We first heard about La Laiterie right after it opened in May 2006, from friends who live on the East Side. Unfortunately, we don’t live nearby, and knowing they don’t take reservations for parties of fewer than six, we once tried to meet two friends at around 5:30 on a Wednesday evening. The place was already so packed (there are just nine tables, with additional seating at the bar and a countertop), and we had time constraints, so we reluctantly went elsewhere to eat.
We’ve yearned to go back, so we made a better plan and arrived just at the stroke of 5, when they open for dinner. Owners Matt and Kate Jennings have kept the décor as straightforward as the food: reclaimed barn board and windows, hand-made paper lights, a few framed black-and-white photo still lifes of cheeses. Above the bar are old-fashioned milk bottles, which are the logo for the bistro; there are many other cow artifacts in the restroom.
|La Laiterie at Farmstead | 401.274.7177 | 188 Wayland Ave, Providence | Tues-Thurs, 5-9 pm; Fri-Sat, 5-10 pm | Major credit cards | Full bar | Sidewalk-level accessible|
La Laiterie is next door to the Jennings’s incredibly successful cheese shop, Farmstead, and we’ve been longtime fans of their cheese boards at other restaurants. But to truly sample the bistro’s offerings, we turned to heartier fare. Bill was attracted to the “chef’s whim” tasting menu ($50, with wine); our friend Norbert chose the Mediterranean branzino ($26); and I the chicken leg fricassee ($22).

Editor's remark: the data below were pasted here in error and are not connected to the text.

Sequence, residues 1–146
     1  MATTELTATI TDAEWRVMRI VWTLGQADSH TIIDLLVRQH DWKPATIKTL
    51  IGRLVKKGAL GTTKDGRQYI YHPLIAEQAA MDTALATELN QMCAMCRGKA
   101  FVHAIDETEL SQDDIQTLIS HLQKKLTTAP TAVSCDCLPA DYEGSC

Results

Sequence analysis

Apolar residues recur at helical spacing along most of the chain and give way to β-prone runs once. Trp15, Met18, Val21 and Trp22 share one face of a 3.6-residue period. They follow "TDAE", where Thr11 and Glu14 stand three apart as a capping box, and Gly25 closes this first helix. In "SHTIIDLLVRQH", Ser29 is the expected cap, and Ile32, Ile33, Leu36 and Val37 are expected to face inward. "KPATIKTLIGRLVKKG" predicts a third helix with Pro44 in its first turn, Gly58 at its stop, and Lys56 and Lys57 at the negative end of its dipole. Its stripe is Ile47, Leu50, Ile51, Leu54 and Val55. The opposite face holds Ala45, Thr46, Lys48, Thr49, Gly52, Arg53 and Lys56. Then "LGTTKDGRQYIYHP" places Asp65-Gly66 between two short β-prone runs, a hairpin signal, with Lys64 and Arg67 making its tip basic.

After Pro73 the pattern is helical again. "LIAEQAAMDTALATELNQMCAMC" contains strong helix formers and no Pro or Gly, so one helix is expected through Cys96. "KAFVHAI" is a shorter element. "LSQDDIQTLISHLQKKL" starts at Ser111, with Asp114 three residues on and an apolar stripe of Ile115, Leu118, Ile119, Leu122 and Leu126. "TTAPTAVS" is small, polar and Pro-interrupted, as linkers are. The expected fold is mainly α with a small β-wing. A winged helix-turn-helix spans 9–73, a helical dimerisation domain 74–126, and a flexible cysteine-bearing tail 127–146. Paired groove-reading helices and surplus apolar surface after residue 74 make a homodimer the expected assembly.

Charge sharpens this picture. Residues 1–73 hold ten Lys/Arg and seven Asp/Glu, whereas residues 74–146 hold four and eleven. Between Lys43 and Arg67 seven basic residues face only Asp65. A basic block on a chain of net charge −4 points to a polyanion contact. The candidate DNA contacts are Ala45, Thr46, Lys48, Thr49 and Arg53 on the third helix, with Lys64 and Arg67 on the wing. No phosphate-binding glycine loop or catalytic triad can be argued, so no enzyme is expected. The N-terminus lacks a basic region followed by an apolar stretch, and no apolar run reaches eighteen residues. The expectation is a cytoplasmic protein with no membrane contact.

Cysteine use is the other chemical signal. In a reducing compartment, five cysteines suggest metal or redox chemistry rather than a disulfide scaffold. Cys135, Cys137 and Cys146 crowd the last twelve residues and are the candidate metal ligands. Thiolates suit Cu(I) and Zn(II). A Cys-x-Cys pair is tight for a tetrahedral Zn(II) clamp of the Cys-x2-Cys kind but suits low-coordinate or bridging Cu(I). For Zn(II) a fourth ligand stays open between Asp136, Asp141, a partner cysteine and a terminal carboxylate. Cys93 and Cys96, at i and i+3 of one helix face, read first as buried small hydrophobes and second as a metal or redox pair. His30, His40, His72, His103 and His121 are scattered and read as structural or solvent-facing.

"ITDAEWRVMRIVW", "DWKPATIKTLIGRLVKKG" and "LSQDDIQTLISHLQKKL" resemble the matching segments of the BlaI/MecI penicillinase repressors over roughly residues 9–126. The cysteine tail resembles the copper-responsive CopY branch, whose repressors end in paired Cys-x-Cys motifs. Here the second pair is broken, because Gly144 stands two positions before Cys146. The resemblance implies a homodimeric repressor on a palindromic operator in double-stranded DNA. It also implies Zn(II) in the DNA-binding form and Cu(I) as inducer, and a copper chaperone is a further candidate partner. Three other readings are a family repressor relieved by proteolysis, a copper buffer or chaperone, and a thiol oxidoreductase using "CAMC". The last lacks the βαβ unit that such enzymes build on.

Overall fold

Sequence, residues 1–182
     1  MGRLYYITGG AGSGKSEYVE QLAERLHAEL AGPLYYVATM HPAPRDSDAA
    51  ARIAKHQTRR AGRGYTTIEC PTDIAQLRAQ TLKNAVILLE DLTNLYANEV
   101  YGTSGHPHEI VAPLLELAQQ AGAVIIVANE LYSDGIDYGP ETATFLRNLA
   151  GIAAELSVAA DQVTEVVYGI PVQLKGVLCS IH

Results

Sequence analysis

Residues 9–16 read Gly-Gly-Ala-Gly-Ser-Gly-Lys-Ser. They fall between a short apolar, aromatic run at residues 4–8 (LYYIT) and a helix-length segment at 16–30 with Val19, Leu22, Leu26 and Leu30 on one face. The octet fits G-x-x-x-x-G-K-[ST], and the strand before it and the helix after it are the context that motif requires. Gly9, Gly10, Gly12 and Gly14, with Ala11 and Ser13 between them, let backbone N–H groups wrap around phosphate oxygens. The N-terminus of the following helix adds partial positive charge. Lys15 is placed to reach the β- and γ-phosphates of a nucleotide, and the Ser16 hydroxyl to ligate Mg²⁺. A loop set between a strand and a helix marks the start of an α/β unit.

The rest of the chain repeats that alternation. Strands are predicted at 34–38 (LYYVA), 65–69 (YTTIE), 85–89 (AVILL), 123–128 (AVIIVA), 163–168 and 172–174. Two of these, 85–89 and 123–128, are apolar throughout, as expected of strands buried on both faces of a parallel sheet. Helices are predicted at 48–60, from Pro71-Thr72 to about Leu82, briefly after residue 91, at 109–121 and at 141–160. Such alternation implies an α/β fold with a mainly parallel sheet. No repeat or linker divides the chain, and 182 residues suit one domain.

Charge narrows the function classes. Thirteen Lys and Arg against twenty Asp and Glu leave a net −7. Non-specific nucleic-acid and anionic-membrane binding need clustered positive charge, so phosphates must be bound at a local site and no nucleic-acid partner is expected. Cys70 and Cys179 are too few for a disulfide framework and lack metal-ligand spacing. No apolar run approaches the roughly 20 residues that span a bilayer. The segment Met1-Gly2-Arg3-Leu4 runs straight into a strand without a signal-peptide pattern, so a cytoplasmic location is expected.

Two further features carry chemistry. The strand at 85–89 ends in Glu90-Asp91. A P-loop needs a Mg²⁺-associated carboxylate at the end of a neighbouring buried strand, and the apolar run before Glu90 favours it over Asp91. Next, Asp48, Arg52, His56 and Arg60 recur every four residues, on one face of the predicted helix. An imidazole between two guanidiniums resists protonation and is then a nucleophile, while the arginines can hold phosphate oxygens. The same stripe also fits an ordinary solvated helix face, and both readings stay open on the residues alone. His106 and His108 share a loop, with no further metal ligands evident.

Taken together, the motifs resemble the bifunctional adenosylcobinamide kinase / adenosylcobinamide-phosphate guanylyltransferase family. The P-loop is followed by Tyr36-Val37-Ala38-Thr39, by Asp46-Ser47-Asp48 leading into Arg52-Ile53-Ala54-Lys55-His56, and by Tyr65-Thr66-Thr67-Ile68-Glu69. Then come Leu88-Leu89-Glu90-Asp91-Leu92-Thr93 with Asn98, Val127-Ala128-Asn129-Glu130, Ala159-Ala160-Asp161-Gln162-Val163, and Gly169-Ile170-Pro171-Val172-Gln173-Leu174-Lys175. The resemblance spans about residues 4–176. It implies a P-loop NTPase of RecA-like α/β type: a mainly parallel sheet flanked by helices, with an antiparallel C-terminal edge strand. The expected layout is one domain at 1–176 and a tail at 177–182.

We perused the possibilities of appetizers, with “treats” such as char-grilled corn, a grilled sardine, or crispy chicken cracklin’, but both Norbert and I decided on salads to begin. Mine was “a walk through the garden” Rhode Island salad ($11), while his was Bibb lettuce with local blueberries ($10).
We were very impressed with these salads, both in the variety of ingredients and in the wonderful way the flavors came together. Chef Ben Sukle later mentioned that the restaurant tries to use as many local seasonal ingredients as it can find, and how almost all of them come from within 100 miles.
Norbert’s salad had bits of smoked ham, hard-boiled egg, shaved piave cheese, the aforementioned blueberries, and it was dressed with a poppy and banyuls (port wine) vinaigrette. Mine had greens, some of them pea tendrils, with baby carrots, two kinds of radishes, two kinds of cherry tomatoes, plus blueberries, and my favorite thing: small yellow ground cherries, cousins to tomatillos, but much sweeter.
Bill’s first course, meanwhile, was described as “crisp slow-roasted Vermont lamb shoulder” and it was as flavorful as it sounds. It was served over slices of cantaloupe and topped with a mild tzatziki, a yogurt-cucumber sauce. He couldn’t stop humming contentedly to himself, mellowed even more by the prosecco he’d sipped before the lamb.
Norbert very much enjoyed the complex flavors surrounding the simple flavor of his whole fish, which was stuffed and then grilled. Inside were braised local greens and toasted pecans; underneath was a bed of roasted garlic farro, a spelt-like grain. The fish, sometimes called sea bass or loup de mer, was farmed in the Mediterranean and flown to New England. It was surrounded by a mirepoix broth and a tomato-caper vinaigrette.